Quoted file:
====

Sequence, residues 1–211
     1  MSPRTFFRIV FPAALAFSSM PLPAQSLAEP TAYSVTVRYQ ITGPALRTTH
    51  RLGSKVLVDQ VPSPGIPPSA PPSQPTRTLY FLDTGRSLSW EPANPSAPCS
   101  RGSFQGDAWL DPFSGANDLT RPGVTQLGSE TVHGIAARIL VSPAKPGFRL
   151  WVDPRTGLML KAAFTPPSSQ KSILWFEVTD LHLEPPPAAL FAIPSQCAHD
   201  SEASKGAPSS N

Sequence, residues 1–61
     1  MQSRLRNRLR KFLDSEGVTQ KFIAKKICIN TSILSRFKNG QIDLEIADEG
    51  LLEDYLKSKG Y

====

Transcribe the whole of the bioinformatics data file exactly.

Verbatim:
Sequence, residues 1–211
     1  MSPRTFFRIV FPAALAFSSM PLPAQSLAEP TAYSVTVRYQ ITGPALRTTH
    51  RLGSKVLVDQ VPSPGIPPSA PPSQPTRTLY FLDTGRSLSW EPANPSAPCS
   101  RGSFQGDAWL DPFSGANDLT RPGVTQLGSE TVHGIAARIL VSPAKPGFRL
   151  WVDPRTGLML KAAFTPPSSQ KSILWFEVTD LHLEPPPAAL FAIPSQCAHD
   201  SEASKGAPSS N

Sequence, residues 1–61
     1  MQSRLRNRLR KFLDSEGVTQ KFIAKKICIN TSILSRFKNG QIDLEIADEG
    51  LLEDYLKSKG Y